|Directed by:||Bernard Dufourg; Francois Rabatth||Rating:||TV-14|
|Release Date:||2004||Running Time:||60 mins|
|More Info:||Wikipidia on Amnon Lipkin-Shahak (former Israel Defense Chief)||Category:||Israel|
A behind-the-scenes look at Israel’s secret diplomacy, My Dearest Enemy shares the much-anticipated meeting between powerful leaders of opposing camps, Israeli Amnon Lipkin-Shahak and Palestinian Hani El Hassan.
“We kill Palestinians. They kill us,” retired Israeli military officer Amnon says, “I was fighting terrorism, and terrorism for me was Palestinian terrorists.”
My Dearest Enemy follows a heated conference between two men who have the power to instigate change. Amnon was the chief-of-staff of Israel’s military, and Hani was one of Yasser Arafat’s right-hand men. The filmmakers worked exhaustingly to organize this unofficial meeting between two powerful people who have more in common than might be expected.
“We’ve worked on this handshake for more than a year,” the filmmaker says as Amnon enters the room and greets Hani. This is the first time that the two leaders have met face to face, but it’s not the first time they’ve come in contact with each other. In 1968, Amnon lead an Israeli offensive that faced Palestinian guerilla soldiers lead by Hani, and in 1973 both men were in Beirut during Israel’s raid on Lebanon. Now, instead of interacting from behind guns, the two sit comfortably in an air-conditioned room, talking over finely prepared meals and red wine.
But in order to discuss the future, they must first address the past, and they don’t see eye to eye on that either. Israel’s 1973 raid on Lebanon after the massacre of Israeli athletes at the Munich Olympics is one of many events in history that the two men understand differently. Amnon believed Israel was taking just revenge on the leaders of the PLO ’s violent Black September wing, who were known to be involved in the massacre. Hani, on the other hand, argues that Israel was simply carrying out a reprisal at America’s behest.
Instead of staying fixed in the conference room, My Dearest Enemy offers a glimpse into Amnon and Hani’s personal lives to expose the roots of their political beliefs. Breaking from his discussions with Amnon, Hani goes to visit his childhood home in Haifa, which has now become the holy site of Elija’s tomb. The day trip stirs up resentment and frustration in Hani, who is forced to remember his bitter, violent departure from the home that had been the peaceful sanctuary of his youth. Walking beside the stone walls, he remembers how Israeli Haganah soldiers spoke disrespectfully to his mother and abused him before forcing the family to leave their home. “Amnon always talks of trust,” Hani says, “but how can I trust someone who stole my land and who takes a little bit more of it every day?”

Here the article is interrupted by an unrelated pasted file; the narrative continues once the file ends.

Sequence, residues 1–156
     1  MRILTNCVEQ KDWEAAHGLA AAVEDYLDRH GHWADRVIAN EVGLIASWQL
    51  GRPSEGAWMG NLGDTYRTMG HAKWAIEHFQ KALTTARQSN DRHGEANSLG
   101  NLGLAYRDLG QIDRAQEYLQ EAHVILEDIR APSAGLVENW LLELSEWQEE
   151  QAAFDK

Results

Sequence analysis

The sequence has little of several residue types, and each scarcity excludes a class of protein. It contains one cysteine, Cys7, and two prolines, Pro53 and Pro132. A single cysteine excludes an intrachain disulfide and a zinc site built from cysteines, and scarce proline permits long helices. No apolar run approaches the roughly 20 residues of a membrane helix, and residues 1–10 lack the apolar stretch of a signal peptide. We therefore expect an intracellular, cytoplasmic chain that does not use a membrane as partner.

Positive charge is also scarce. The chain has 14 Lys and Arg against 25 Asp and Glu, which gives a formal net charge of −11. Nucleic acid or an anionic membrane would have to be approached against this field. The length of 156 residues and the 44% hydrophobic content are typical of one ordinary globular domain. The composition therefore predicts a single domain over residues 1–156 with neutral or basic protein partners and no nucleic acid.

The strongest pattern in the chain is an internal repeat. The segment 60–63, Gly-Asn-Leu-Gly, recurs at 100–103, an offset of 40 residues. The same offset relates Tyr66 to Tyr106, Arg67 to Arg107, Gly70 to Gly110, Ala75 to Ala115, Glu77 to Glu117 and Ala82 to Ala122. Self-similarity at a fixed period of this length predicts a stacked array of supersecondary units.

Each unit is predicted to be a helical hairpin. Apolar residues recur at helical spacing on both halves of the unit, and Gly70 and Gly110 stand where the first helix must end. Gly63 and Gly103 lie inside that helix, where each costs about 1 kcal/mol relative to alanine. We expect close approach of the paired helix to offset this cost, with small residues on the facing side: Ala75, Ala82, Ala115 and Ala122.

The conversations between Amnon and Hani are antagonistic, but it slowly becomes clear that they’re both fighting for the same thing—peace, which they both agree will come through compromise and the establishment of a Palestinian state. “My son, my children will build this state,” Hani says. And Amnon shares in his hope.
My Dearest Enemy recognizes that political diplomacy can be as dangerous as warfare in the trenches, and these two men both posses a bravery that’s unfazed in either arena. When Amnon is asked if following in Yitzhak Rabin’s footsteps as an Israeli politician willing to negotiating for peace makes him fear for his safety, his response is composed and confident: radicals have already put explosives under his house, he confides, saying, “I was not afraid then. I am not afraid now. I am afraid of the fact that people are still getting killed.” Amnon has put aside his own worries for the sake of future generations.
At the end of the meeting an ominous weight has lifted and the two seem full of hope as they relax into casual banter — that has profound resonance. “Do you know who has the best cooperation now – now, during the Intifada – between Israelis and Palestinians?” Amnon asks Hani. “Criminals. They work together perfectly,” Hani laughs. But Amnon keeps a straight face because the lawbreakers’ example proves a serious point – peace can be achieved. Israelis and Palestinians can get along.